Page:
Pat Lucas, a tireless advocate for people in poverty, and one-time country music sensation Bobby Helms have been voted into the Monroe County Hall of Fame.
The two were picked from 10 nominees on ballots in The Herald-Times and on HeraldTimesOnline.com. Helms was the highest vote-getter, with Lucas finishing second.
Helms had 268 votes and Lucas had 237. Following the two inductees were former Herald-Times sports editor Bob Hammel with 222; big band leader and former Monroe County Council member Al Cobine with 201; retired juvenile judge Vi Taliaferro with 194; and former city council member, county commissioner and all-around community leader Charlotte Zietlow with 141.
The two new members of the Monroe County Hall of Fame will be honored later this spring at an event at Fountain Square Mall, where the Hall of Fame is located.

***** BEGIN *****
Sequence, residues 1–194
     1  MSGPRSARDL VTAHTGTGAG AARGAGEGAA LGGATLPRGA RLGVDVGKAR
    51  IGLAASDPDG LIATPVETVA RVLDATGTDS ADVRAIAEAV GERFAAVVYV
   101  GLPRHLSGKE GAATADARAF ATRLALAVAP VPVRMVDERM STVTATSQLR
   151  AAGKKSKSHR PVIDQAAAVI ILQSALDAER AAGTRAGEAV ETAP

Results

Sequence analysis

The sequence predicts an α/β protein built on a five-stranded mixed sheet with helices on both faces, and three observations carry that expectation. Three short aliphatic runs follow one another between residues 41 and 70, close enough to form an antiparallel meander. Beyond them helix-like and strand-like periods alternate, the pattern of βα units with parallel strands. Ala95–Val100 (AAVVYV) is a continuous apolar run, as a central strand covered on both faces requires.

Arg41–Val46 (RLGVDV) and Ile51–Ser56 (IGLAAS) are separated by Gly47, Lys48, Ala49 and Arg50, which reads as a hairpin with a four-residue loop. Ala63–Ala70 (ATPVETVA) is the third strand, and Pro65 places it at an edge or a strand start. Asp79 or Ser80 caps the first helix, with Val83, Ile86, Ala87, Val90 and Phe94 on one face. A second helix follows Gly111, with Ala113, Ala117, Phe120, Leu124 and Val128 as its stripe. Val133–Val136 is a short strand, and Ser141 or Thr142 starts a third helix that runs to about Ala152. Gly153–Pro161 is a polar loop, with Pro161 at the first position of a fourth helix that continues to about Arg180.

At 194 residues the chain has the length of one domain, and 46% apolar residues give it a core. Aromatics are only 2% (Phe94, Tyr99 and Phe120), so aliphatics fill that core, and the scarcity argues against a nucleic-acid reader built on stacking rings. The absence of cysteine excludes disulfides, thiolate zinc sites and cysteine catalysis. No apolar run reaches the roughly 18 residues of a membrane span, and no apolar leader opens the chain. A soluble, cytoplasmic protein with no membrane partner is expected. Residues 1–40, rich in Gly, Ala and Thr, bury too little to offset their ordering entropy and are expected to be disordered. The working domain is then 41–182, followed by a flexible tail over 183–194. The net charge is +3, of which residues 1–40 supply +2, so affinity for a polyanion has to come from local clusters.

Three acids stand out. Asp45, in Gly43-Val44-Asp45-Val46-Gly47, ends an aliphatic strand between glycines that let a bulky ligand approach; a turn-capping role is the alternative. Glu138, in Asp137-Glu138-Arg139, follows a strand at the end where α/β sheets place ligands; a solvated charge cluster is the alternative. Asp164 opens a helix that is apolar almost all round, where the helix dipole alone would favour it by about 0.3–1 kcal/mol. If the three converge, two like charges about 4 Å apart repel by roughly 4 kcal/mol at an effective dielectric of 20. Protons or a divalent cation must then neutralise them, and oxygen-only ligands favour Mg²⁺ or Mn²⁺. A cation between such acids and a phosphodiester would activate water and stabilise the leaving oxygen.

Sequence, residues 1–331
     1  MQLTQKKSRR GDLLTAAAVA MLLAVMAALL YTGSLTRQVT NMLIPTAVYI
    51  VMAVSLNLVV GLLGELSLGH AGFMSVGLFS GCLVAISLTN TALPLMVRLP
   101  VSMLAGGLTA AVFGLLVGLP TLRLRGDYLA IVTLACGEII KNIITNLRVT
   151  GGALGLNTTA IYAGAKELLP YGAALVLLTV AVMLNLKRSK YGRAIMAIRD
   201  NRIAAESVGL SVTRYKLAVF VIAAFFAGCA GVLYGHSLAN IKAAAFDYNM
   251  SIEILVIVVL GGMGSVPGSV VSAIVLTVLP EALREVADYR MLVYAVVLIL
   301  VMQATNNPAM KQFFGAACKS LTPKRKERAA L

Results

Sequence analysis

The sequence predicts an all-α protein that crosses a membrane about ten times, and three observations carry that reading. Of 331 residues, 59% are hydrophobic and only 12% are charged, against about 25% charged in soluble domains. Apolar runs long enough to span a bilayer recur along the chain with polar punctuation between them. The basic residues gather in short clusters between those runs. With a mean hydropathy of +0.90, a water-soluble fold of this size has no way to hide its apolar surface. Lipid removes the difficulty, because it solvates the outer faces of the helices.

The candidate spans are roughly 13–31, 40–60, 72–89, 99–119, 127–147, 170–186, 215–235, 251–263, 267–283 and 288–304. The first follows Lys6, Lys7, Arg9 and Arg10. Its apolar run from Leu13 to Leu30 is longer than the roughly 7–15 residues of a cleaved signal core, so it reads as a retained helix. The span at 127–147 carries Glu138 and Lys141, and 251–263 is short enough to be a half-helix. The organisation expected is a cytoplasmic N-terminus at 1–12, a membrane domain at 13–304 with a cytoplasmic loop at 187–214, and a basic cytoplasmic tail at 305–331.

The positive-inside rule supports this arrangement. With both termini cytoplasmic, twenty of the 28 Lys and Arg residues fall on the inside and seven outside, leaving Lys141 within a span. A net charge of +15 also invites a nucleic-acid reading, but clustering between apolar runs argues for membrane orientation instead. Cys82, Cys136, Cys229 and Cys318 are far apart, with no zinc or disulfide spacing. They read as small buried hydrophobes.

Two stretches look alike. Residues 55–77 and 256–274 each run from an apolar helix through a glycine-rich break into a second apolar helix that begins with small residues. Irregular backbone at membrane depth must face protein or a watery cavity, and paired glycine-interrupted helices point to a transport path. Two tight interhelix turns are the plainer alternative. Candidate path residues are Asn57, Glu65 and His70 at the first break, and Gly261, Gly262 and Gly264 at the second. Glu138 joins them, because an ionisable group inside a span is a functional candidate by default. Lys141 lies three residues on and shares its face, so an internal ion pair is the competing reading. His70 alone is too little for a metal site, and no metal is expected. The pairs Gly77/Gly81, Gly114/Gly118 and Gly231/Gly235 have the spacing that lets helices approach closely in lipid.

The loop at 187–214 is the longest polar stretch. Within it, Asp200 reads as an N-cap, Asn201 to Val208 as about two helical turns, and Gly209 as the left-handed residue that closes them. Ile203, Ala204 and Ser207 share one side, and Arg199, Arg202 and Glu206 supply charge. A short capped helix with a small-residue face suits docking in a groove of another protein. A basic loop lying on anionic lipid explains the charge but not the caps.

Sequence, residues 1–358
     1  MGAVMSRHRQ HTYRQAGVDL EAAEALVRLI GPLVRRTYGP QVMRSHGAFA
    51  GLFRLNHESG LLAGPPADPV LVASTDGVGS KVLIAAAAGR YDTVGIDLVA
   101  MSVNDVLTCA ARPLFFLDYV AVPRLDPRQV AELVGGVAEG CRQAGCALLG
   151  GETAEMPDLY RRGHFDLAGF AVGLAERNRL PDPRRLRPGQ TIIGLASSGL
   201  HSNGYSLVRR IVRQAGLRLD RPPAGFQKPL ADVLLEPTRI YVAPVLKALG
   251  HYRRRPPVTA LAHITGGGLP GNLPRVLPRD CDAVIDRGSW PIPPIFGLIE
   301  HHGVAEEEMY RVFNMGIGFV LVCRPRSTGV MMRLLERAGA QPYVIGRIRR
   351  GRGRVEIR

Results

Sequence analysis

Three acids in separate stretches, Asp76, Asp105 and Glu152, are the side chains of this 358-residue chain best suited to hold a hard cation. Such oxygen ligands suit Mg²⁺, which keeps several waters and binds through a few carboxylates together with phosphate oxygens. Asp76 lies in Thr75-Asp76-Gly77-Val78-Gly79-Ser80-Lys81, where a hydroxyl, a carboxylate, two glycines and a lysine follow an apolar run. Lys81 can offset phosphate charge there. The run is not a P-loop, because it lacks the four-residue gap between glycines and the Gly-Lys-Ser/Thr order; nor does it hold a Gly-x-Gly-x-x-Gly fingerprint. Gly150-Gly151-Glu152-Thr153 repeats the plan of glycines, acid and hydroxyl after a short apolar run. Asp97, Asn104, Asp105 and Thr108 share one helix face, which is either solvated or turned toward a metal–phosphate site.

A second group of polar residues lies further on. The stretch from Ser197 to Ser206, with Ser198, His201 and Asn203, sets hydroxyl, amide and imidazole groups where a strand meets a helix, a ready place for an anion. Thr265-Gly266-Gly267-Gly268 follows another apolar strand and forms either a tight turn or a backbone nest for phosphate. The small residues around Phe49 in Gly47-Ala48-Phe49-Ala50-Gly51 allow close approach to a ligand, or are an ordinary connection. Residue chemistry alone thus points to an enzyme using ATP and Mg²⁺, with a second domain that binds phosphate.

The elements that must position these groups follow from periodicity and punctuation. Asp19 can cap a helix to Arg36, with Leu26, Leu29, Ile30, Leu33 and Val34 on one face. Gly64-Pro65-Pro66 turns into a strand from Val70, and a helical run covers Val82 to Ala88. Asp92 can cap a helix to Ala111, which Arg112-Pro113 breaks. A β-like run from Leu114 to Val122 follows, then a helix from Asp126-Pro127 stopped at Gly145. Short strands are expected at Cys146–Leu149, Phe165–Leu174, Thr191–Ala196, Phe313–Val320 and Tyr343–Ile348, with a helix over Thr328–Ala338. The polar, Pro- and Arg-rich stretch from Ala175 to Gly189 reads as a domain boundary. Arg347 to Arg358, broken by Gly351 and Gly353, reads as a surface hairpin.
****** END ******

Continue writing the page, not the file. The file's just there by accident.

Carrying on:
Bloomington native singer/songwriter Helms had three huge hits in the late 1950s, but never again attained quite the same level of popularity in a career that spanned more than four more decades.
His debut single was “Fraulein,” which became a hit in early 1957. In October 1957, “My Special Angel” topped the country charts, and two days before Christmas, “Jingle Bell Rock” was released. It rose to No. 6 and remains a holiday favorite each Christmas season.
Helms began his singing career in a country duo with his older brother. “The Helms Brothers” became a regional attraction and appeared on Uncle Bob Hardy’s “Hayloft Frolic” television show on WTTV-4.
His success in 1957 earned him the country “Best New Artist” award, which he shared with Patsy Cline.
In the 1950s and 1960s, he shared the stage with the likes of Cline, Marty Robbins, Porter Waggoner, Johnny Cash and a variety of other singers and musicians who are household names.
He’s listed as a member of the Rockabilly Hall of Fame along with Bo Diddley, Roy Orbison, Rick Nelson, Jerry Lee Lewis and many other performers.